Step, Choose & PLay
This dissertation project is the outcome of two years in the Master of Design program at Emily Carr University of Art & Design in Vancouver Canada. The course engaged our abilities to think and write critically within a creative, theoretical and experimental framework. Through generative research methodologies grounded in a strong studio culture, my work was situated at the confluence of storytelling practices, gestures and making.
This thesis project was co supervised under the expert guidance of - Deborah Shackleton & Hélène Day Fraser
Snakes, Ladders & Choice is the reimagined and redesigned game based on the traditional Indian game of Gyan Chaupar and its colonized counterpart - Snakes & Ladders. This game is a recommendation to enable necessary discourse within communities in India to challenge stereotypes, prejudices that determine the status of women. Using the technology of the Hoffmann hand tufting gun (meant to create rugs), to visually imagined the game to suit the gallery and exhibition setting.
Situated in the Michael O'Brian Exhibition Commons, my thesis project sat amongst other graduate projects for
over two weeks at the Emily Carr University of Art & Design's Grad Show Exhibition in 2018.
The global climate of #MeToo and #TimesUp has forced us to recognise that violence against women has a long and dark history that needs to be acknowledged. Antithetical to this are the number of crimes against women recorded by the India National Crime Record Bureau (thirty nine per hour) (NCRB, 2016) .The brutal rape of Nirbhaya shocked countries world over. It forced Indians to take notice - this had more to do with the breeding of a culture of violence than a case of a one-off incident. In this context, the objective of this dissertation and its outcomes have been to expose a few examples of where this violence towards women potentially stems from. Within a research framework grounded in design and material praxis, this thesis used a narrative based enquiry along with embodied ways of knowing to develop a series of interventions that cite historical and contemporary examples . These informed three rounds of redesign of the well known game Snakes and Ladders. User participation and testing were used to refine schemas of Chance to Choice within the game. Throughout this design process I have aimed to challenge behaviors and provide spaces to have discussions about problematic biases that subjugate women. Moving forward this work will continue to be developed . It will shift, with care and attention, to India where it will be further developed to better reflect the nuances of the context it is meant for.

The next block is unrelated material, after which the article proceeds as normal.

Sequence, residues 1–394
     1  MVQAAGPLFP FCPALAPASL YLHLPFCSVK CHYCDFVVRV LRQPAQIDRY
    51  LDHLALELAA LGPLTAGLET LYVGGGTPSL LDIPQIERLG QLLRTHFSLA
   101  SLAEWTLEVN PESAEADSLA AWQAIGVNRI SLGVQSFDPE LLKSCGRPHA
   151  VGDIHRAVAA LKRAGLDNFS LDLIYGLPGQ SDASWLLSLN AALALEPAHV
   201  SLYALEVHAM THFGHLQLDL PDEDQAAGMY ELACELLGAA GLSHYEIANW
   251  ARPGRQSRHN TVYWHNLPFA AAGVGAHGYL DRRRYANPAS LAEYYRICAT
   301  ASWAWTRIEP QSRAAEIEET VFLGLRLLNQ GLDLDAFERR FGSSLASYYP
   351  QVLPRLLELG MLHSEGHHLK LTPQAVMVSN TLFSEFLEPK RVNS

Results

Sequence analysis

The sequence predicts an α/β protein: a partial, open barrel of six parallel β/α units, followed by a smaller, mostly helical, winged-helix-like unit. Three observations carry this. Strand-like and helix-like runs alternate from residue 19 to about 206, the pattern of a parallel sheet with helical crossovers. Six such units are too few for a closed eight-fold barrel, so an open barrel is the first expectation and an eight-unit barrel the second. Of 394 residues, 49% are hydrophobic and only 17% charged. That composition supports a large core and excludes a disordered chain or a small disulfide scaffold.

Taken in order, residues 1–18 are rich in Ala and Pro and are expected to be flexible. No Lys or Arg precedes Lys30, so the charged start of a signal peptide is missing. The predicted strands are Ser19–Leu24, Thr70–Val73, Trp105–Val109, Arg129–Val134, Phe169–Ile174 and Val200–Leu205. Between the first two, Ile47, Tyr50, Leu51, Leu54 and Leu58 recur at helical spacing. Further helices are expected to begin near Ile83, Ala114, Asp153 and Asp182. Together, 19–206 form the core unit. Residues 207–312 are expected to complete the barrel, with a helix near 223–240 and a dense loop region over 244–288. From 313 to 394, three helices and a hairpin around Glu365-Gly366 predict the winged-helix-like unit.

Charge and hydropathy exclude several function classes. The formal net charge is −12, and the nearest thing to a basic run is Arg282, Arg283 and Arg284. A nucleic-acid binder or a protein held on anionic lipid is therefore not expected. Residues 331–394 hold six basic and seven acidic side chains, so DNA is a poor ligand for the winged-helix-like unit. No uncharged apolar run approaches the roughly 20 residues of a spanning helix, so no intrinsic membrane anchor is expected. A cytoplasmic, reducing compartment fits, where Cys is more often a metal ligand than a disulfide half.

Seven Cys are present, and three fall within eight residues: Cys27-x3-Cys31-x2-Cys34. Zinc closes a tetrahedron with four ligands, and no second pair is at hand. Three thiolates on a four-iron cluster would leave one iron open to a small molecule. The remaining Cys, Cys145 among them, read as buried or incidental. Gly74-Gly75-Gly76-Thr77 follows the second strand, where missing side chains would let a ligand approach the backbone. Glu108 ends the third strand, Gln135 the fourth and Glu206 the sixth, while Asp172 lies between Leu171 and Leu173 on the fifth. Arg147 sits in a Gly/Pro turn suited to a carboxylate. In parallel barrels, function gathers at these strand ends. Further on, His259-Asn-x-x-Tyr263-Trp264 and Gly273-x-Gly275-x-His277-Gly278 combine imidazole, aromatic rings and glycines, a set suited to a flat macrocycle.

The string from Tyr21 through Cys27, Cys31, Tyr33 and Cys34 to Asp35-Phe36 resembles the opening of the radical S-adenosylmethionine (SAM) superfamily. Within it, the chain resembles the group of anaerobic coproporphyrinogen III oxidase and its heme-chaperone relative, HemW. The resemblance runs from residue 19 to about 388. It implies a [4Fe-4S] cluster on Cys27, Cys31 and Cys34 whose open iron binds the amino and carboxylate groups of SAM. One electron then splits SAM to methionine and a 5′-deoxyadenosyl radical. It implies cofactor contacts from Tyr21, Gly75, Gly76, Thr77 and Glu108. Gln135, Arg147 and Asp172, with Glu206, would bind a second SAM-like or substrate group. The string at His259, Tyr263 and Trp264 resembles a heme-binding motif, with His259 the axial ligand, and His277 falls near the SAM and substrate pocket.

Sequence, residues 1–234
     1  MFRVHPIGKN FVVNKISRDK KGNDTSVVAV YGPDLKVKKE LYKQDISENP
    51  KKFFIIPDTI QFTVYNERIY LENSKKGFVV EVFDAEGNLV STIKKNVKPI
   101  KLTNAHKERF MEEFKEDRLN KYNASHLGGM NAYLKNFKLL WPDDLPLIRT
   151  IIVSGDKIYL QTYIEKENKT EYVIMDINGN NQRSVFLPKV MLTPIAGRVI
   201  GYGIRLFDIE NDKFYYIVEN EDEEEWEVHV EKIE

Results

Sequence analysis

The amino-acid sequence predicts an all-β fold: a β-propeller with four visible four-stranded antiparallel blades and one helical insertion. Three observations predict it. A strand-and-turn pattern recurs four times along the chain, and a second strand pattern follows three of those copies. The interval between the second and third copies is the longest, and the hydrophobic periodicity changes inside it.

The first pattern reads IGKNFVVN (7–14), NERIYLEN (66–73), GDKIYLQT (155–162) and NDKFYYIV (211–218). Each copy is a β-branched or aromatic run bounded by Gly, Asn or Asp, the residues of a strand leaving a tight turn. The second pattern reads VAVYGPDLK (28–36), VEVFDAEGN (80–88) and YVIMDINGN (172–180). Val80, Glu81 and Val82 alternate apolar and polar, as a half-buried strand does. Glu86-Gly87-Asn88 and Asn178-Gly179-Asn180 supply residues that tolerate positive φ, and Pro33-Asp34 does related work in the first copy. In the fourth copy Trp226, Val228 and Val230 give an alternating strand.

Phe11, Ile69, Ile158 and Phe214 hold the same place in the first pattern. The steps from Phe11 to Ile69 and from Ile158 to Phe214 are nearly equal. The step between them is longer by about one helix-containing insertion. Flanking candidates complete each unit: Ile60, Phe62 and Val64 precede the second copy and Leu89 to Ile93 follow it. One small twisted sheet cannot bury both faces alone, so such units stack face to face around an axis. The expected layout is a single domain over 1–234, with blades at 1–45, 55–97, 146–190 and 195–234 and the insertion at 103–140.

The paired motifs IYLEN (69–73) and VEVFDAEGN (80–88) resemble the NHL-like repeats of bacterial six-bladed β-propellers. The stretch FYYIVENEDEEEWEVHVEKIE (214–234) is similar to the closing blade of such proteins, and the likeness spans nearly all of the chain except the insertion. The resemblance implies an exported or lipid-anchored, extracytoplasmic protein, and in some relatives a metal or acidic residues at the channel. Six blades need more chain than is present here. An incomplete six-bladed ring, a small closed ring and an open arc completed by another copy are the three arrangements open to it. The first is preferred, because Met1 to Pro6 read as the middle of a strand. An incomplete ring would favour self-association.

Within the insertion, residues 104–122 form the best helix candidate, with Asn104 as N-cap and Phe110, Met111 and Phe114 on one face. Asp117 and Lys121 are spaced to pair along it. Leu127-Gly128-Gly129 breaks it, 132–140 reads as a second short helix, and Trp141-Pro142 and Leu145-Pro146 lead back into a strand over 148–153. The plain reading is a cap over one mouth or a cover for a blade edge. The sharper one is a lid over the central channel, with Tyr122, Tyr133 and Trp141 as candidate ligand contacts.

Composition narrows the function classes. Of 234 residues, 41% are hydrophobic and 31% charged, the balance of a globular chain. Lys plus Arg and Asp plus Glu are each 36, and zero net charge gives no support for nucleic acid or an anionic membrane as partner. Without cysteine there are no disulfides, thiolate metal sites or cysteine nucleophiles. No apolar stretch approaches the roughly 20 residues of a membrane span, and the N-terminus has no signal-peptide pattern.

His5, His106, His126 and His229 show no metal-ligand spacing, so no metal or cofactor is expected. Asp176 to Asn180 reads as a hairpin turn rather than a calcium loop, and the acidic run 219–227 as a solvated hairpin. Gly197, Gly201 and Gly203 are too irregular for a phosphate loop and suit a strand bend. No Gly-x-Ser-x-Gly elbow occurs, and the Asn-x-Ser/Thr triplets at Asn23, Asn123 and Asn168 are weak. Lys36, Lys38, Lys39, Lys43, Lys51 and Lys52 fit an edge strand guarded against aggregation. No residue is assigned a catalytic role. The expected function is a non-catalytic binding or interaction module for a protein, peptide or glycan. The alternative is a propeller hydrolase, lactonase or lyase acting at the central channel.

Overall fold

This document is about those women of India- who are less privileged, less educated and so often marginalized.
It aims to expose and find means to address the factors that influence women’s systemic oppression and perpetuate stereotypical role expectations in society. It has been, for me, as a woman, a means of considering ways in which we might be able to bridge the gender divide and reclaim our place in society - in a place I call home.
The following sections will describe the progress of this body of research which was generative and grounded in material practice. Initially, this project, which addresses the Indian context, began by seeking means to address child safety and protection from sexual abuse by empowering caregivers. uickly however, secondary research and a shift of focus amplified the extent to which women in India are still largely shackled when it comes to their autonomy. Hindu doctrines and epics have specifically defined roles for women.
When challenged these expectations are met with great opposition and sometimes even death. This confusing and restrictive environment is further complicated when the portrayal of women in Indian popular culture is considered.
I will draw you through my process in stages. The first section addresses the Indian context
and speaks specifically to the existence of the Hindu Caste System and its historical and contemporary repercussions on women. This will be used to provide the reader with the theoretical framing that guides this dissertation. The next section discusses the use of stories and storytelling in India and details aspects of my material, studio based practice, including craft based activities and video prototypes that explore representations of women in Indian Bollywood Masala films as well as the daily reality they inhabit. The last section discusses the development and iterative redesign of the popular board game: Snakes and Ladders as a tool for sensitization and a means to ignite needed discourse about alternate futures for women in India.